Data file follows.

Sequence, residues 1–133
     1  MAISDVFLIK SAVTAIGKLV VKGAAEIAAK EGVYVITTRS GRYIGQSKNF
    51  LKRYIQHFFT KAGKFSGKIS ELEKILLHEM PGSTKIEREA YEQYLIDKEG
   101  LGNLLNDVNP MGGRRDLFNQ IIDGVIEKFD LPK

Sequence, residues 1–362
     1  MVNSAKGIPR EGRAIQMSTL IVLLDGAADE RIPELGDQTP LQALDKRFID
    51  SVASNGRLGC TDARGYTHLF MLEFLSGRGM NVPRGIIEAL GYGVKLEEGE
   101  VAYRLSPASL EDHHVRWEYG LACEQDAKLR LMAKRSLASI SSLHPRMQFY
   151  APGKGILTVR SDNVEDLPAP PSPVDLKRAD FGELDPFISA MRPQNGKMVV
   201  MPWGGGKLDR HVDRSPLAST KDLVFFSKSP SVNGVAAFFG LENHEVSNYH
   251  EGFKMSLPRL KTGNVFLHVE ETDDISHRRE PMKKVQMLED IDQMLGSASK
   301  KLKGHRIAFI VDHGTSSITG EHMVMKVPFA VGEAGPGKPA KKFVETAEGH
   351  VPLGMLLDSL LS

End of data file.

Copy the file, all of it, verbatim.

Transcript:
Sequence, residues 1–133
     1  MAISDVFLIK SAVTAIGKLV VKGAAEIAAK EGVYVITTRS GRYIGQSKNF
    51  LKRYIQHFFT KAGKFSGKIS ELEKILLHEM PGSTKIEREA YEQYLIDKEG
   101  LGNLLNDVNP MGGRRDLFNQ IIDGVIEKFD LPK

Sequence, residues 1–362
     1  MVNSAKGIPR EGRAIQMSTL IVLLDGAADE RIPELGDQTP LQALDKRFID
    51  SVASNGRLGC TDARGYTHLF MLEFLSGRGM NVPRGIIEAL GYGVKLEEGE
   101  VAYRLSPASL EDHHVRWEYG LACEQDAKLR LMAKRSLASI SSLHPRMQFY
   151  APGKGILTVR SDNVEDLPAP PSPVDLKRAD FGELDPFISA MRPQNGKMVV
   201  MPWGGGKLDR HVDRSPLAST KDLVFFSKSP SVNGVAAFFG LENHEVSNYH
   251  EGFKMSLPRL KTGNVFLHVE ETDDISHRRE PMKKVQMLED IDQMLGSASK
   301  KLKGHRIAFI VDHGTSSITG EHMVMKVPFA VGEAGPGKPA KKFVETAEGH
   351  VPLGMLLDSL LS